Moving into an aged care facility is a significant life change that can be greeted with apprehension, but it can also provide an opportunity to live your best life in a safe environment with familiar faces and needed help around the corner. from the street.
At the Gill Waminda Aged Care Centre, operated by The Salvation Army Aged Care (TSAAC), the goal is to provide quality care by promoting a culture of choice in a family setting.
The center offers personalized care plans and lifestyle programs, caters to culinary preferences and supports residents’ relationships with family, friends and community.
Lifestyle Coordinator, Margaret is passionate about creating a home for residents. “I want people to come in here and be happy and know they are loved and everyone is welcome. It’s a place of warmth and love,” she said.
Margaret recalls when resident Maddie first moved in, who thought she was moving into a new apartment and not a nursing home. Margaret and her team then involved her in choosing the colors of the furniture in the common areas of the center so that she felt included, in control and offered some normality to facilitate the transition.
Margaret collaborates with residents on the lifestyle program through monthly care partnership meetings, as well as with their families.
“They work with us as a team, otherwise we wouldn’t be able to meet all of our residents’ needs,” she said.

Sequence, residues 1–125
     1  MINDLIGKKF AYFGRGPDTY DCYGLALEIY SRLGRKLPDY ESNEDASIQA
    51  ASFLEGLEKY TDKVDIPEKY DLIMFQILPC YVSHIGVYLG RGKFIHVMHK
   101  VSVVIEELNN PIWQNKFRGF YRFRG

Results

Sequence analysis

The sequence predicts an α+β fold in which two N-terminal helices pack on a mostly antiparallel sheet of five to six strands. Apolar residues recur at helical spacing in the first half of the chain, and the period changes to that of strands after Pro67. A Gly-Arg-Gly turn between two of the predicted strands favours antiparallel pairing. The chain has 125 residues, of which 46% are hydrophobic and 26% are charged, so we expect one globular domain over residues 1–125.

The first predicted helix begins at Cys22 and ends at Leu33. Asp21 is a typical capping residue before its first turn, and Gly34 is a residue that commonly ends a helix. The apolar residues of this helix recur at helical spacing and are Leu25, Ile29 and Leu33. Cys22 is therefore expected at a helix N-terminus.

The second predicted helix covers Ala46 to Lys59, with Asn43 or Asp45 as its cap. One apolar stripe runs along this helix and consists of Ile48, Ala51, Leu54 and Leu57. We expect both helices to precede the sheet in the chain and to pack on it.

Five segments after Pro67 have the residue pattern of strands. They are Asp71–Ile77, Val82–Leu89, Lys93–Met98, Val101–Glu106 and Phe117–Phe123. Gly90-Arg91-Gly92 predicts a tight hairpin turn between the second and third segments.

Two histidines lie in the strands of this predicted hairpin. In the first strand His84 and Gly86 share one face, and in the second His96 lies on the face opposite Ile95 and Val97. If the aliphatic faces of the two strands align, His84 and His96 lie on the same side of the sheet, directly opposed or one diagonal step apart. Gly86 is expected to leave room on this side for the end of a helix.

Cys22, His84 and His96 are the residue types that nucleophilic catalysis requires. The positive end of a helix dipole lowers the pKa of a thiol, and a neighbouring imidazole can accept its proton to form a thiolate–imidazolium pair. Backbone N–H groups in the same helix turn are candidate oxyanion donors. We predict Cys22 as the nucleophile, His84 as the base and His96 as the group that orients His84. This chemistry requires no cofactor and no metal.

“You can’t have a functioning center without a family.”
This helps inform current and new programs that hope to reflect resident lifestyles.
Garry, who resides at Gill Waminda Aged Care Center in Goulburn, spends his mornings doing tricky puzzles. Seeing his enthusiasm, the staff created a corner just for Garry to enjoy his puzzles.
With lifestyle programs integrated into the daily life of the center, residents have the opportunity to pursue their interests and discover new ones, as they wish.
“In elder care, you feel like you’re working from home because you’re with the same residents and you connect with them and can take better care of them,” said the director of the center, Sadiya.
“We have in-depth conversations with residents who are engaging themselves, their families, relevant decision-makers, nurses, physicians, care managers and center managers, and anything important is noted in the plan of care,” said TSAAC Clinical Learning Specialist Colleen.
“We maintain the dignity of residents by working with them and consulting with them to ensure that all personal decisions are made safely.”
Risk assessments are used to ensure that residents can engage in activities they deem important while receiving comprehensive care.
Apart from staff getting to know residents, there are also initiatives for residents to get to know staff.
The staff at the center are made up of people from a variety of cultural backgrounds, and they have found that the dancing, music and food have really helped residents get to know the people who care for them better.
Many staff have had family members reside at the center or have also joined the team, such as Margaret’s grandmother and the daughter of staff members Michael and Teresa.
John’s wife resided at the center and John now resides there himself. He told his family that when the time came he didn’t want to be anywhere but Gill Waminda and that he felt at home at the centre.
For more information, contact Gill Waminda Aged Care Center on 02 4823 4300.